• What does it take to support browsers without javascript? Just make a link out of every interactive object and let the script handle it if it can. It may not be perfect, and you cannot do everything that way, but it can be made usable.
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With WAI-ARIA attributes, you can build Ajax applications that are accessible. Sure... There are still some issues with drag and drop etc, but don't use statistics to prove that accessibility isn't worth while.

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You are mixing business with philanthropy. Evaluating the cost-effectiveness of supporting a feature set that results in new customers should be based on statistics. Don't get me wrong, my deepest sympathies to people with disabilities. But as stated, we are creating/running a business and prioritizing accessibility support isn't very high on the list since the monetary gain from it isn't relatively as high. It's simple as that. – randomguy Jul 26 '10 at 13:05
I don't think ARIA is that overhead. You still need css classes to style your content. But you can use ARIA roles and states instead to get the same effect plus it makes it usable for screenreaders supporting ARIA. So instead of class="button active" you can use role="button" aria-pressed="true". This attributes can used in css to style your button, if you dont need to support ie6. – Andreas Köberle Jul 26 '10 at 13:32
@randomguy - I suggest you argue the case with your management. And when you're at it, you might suggest that to save even more money, you should outsource IT to some cheaper emerging economy. After all, it makes business sense and your company isn't a charity. – Gert Grenander Jul 26 '10 at 15:25
@Gert G - Wow. What are you babbling about? Geoarbitraging might really be a good business decision. But why are you stating the obvious and projecting the (reasonable) argument I threw at you? You or your near relative must be disabled. My condolences. Lets heal all the diseases, bring the world peace and live happily ever after. Time to come to reality. You don't even know the website/service I'm creating and yet you have a really strong position on how useful it will be to the disabled. I'm the management, although I don't see how that is relevant. – randomguy Jul 26 '10 at 16:00
@Gert G - You must define what worth while means in this context for us to continue. Making the world a better place doesn't cut it. Do you honestly take the effort of making every website you create accessible? – randomguy Jul 26 '10 at 16:10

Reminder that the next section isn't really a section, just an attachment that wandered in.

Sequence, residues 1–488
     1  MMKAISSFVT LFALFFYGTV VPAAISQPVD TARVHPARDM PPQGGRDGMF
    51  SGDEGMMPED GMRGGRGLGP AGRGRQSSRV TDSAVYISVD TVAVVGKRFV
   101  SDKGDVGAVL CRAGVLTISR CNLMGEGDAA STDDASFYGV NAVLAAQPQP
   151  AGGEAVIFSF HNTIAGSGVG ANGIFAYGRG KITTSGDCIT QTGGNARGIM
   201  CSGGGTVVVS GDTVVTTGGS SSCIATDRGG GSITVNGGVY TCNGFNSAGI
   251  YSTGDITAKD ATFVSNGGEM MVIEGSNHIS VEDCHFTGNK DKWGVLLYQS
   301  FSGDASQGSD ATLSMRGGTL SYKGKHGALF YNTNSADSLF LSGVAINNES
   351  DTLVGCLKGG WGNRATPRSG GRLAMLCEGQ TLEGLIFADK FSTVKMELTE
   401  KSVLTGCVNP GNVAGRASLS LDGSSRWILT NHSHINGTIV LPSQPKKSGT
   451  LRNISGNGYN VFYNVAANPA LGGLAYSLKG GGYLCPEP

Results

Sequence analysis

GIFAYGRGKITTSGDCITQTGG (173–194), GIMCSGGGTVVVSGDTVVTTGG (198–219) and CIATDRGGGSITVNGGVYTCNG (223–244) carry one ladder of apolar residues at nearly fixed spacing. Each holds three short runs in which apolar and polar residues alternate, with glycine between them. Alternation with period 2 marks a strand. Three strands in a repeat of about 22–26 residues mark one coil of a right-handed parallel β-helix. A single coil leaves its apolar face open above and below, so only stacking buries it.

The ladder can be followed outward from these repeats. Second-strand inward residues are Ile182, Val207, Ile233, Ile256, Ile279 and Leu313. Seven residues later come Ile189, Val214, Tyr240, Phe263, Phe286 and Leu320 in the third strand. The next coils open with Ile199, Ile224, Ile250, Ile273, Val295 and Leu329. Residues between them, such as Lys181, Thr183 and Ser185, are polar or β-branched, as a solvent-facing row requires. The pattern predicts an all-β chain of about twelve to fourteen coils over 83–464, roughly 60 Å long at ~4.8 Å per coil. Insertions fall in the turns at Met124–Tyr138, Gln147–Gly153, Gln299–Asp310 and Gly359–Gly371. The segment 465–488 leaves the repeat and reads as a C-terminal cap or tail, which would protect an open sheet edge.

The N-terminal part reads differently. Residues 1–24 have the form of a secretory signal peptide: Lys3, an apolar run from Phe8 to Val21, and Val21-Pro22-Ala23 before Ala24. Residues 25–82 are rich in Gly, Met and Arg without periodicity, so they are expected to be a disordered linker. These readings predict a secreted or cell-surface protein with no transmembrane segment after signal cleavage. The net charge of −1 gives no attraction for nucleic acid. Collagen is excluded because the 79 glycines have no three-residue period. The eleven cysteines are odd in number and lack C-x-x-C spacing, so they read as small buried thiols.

We recently had a project to create accessible UI widgets. We explored progressive enhancement and found little reason to use it (even after reading the Filament book). We used jQuery and WAI-ARIA. Progressive enhancement can be valuable if your product must absolutely work on any type of browser. However, most businesses don't need to support that wide of a range of devices/browsers.

Progressive enhancement essentially makes you more than double your effort because you must create the modern widget that works with AJAX and sophisticated styling. You also must make a bare-bones version that uses traditional forms posts. If you have a complex widget that does something like an in-page wizard or grid editing using AJAX, you must develop that plus you must make separate pages for every step to support browsers without AJAX capability. The overhead becomes enormous.

It's a great methodology for maximizing capabilities, however it isn't very practical on large-scale initiatives with time and budget constraints. This was the decision we came to for our project. We feel we made the right choice.

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Is IE6 still around? Yes. So you still need workarounds. If PE is better than the others can be discussed.

As for JavaScript: The new big security hole can turn public opinion into believing "JS == Satan", so they will all switch it off and lynch those who argue pro it.

Finally, every little problem with your site will cost you customers. So what should it be? Do you want a site that is easy to create (but turns away most people, especially those with influence) or a site that tries hard to shine in any browser (and attracts more visits)?